It’s an enticing, spacious property for just the right buyer — move-in ready with friendly neighbors and easy access to transportation.
The site even has its own helicopter pad.
But it’s not a luxury home in a hot subdivision. The sprawling 4 million-square foot property in unincorporated Kendall County, is a heavy equipment manufacturing plant being vacated by Peoria-based Caterpillar Inc.
Jones Lang LaSalle, a Chicago-based commercial real estate services and investment management firm, is managing the sale and recently produced a six-page, full-color brochure to help make its pitch.
The plant is “a highly-functional heavy manufacturing facility in one of the most vibrant and growing economic corridors in the Midwest,” the JLL promotional piece stated. “The Caterpillar Aurora Facility represents a rare opportunity to acquire a fully functioning, well-maintained and highly connected heavy manufacturing facility with favorable zoning in one of the leading industrial submarkets in the Midwest.”
The plant is located on Illinois Route 31 between Oswego and Montgomery in unincorporated Kendall County. Caterpillar said last year it would close the plant and move equipment production to other facilities. The move would affect an estimated 800 jobs.
The shutdown is expected to be completed later this year.
“My top priority in 2018 is the reuse or redevelopment of the Caterpillar facility,” Matt Brolley, Montgomery village president, said during last month’s State of the Village address. “The plant’s closure will have a ripple effect in our local economy, impacting our residents in Montgomery and also in the area.”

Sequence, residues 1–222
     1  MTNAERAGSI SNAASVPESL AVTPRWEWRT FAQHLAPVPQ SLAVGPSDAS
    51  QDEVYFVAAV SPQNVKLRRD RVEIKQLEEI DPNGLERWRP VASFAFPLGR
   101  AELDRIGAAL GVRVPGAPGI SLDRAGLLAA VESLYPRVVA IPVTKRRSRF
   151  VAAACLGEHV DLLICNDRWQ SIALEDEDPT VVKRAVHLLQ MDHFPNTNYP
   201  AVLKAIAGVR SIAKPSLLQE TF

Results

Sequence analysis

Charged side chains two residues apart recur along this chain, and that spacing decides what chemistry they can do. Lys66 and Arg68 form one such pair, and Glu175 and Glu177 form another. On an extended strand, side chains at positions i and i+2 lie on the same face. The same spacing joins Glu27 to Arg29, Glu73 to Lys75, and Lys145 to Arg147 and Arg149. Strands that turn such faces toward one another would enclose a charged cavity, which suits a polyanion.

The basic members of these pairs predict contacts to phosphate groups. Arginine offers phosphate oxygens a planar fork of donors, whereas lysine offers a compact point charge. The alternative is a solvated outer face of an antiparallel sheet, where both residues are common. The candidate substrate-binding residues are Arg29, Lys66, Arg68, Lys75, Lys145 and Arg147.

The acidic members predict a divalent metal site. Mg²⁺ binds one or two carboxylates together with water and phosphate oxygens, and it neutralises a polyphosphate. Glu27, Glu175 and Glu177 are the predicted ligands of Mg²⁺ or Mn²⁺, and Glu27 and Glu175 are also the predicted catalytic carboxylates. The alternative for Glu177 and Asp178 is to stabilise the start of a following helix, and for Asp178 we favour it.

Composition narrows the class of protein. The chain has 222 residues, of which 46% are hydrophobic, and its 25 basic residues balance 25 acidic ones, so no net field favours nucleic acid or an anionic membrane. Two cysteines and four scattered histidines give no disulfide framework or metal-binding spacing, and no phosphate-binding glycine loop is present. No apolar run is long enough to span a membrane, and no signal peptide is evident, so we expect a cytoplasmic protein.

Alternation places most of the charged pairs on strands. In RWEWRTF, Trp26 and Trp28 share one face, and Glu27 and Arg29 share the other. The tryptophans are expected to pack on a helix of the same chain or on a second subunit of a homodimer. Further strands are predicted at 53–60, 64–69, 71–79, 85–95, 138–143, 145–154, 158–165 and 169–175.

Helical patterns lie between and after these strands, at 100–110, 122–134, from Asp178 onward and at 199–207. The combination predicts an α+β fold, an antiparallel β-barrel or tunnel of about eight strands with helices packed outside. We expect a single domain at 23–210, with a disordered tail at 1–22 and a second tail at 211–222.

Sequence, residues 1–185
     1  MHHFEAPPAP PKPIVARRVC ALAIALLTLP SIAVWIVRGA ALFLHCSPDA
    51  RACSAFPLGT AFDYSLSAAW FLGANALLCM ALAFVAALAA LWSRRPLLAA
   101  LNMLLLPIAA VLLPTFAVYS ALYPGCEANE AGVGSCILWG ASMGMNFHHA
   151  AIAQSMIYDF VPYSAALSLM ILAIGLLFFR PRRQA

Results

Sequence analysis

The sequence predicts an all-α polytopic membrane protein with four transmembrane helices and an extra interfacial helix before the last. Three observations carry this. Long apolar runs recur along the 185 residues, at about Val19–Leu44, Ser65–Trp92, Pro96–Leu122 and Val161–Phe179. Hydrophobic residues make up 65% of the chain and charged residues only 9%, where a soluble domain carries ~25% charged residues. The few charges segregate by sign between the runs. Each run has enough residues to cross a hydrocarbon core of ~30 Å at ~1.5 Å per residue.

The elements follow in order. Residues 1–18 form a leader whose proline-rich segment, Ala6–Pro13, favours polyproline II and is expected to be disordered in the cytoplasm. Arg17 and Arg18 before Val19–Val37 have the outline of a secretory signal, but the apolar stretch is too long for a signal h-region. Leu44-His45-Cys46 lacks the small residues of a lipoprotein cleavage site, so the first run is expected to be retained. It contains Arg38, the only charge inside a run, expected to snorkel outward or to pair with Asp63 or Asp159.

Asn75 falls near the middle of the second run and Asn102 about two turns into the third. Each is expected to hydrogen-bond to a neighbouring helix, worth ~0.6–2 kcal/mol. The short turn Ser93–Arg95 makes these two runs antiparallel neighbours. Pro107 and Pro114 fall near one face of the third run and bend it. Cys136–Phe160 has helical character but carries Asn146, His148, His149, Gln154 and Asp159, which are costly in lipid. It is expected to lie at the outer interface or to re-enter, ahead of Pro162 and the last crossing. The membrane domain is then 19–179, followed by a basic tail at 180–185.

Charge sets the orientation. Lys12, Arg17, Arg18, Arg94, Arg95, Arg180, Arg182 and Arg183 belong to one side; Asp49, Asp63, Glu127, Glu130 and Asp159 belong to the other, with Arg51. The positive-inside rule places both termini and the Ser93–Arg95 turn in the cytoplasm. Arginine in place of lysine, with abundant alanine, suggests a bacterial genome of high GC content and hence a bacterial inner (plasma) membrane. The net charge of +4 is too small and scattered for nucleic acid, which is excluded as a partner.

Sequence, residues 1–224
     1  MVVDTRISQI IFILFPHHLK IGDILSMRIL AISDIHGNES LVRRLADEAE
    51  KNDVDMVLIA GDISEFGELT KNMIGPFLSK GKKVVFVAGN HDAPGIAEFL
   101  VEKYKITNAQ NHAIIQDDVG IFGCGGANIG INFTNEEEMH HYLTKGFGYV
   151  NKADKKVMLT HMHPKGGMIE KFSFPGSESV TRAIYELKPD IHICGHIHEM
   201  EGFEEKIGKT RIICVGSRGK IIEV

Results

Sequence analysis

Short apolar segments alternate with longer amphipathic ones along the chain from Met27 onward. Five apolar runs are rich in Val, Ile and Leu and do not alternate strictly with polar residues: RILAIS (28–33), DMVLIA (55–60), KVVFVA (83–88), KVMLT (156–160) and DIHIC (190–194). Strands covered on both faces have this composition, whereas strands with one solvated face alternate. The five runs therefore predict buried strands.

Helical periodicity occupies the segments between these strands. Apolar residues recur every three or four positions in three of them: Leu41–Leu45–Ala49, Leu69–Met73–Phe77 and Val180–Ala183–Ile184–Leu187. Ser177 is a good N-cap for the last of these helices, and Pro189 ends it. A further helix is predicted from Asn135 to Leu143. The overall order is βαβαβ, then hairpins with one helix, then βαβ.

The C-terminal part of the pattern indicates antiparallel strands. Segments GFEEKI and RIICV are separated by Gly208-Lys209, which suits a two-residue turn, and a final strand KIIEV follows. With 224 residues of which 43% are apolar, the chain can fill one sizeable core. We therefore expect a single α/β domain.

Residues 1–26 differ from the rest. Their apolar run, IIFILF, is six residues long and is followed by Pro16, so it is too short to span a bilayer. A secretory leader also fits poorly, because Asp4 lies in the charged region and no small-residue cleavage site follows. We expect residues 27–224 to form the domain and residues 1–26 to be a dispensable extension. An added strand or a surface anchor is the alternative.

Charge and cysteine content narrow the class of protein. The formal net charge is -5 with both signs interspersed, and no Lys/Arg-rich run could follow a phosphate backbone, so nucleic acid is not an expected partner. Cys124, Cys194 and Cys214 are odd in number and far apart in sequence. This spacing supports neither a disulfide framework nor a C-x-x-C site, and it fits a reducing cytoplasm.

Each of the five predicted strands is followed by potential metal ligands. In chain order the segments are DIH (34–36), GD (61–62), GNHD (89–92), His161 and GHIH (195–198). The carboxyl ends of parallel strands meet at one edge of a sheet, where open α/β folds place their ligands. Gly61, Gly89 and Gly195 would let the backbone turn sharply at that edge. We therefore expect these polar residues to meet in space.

Caterpillar’s closing could result in $465,000 loss in Kendall County property tax revenues plus broader potential losses in sales and income taxes, losses by plant suppliers and possible stresses on the local housing market.
Local, regional and federal officials announced formation a Kendall County CAT Taskforce in August 2017. Caterpillar pledged to work with the group to find a new use. According to Crain’s Chicago Business, Caterpillar is seeking a single buyer.
The task force also emphasized the need to retrain workers for new jobs and continue to build a business-friendly local environment.
“(The closure) represents a significant challenge to our economy and directly impacts the lives of our friends and neighbors,” U.S. Rep. Bill Foster (D-14) said last year. “While this is undoubtedly a challenge in our community, if we face it together we can meet that challenge.”
The plant opened in 1958 for heavy equipment manufacturing and also included office space. At its peak, the company had more than 5,500 people employed at the plant.
JLL said the 350-acre site features 10 buildings of varying sizes, including three of around 1-million square-feet apiece. It also has 3,750 parking spaces, a 300,000 gallon water tower, waste water treatment plant and a Burlington Northern Santa Fe rail spur that connects to the nearby BNSF main trunk line.
“The Caterpillar facility features a highly attractive site with existing, well-maintained buildings that could be easily adapted for fabrication, production, assembly or warehousing uses,” JLL said in its pitch.
“With easy access to the regional interstate highway network as well as an existing rail spur on site, the property is well equipped to meet the needs of a wide variety of users.”
— Hunt on for buyer as Caterpillar plant goes on the market —-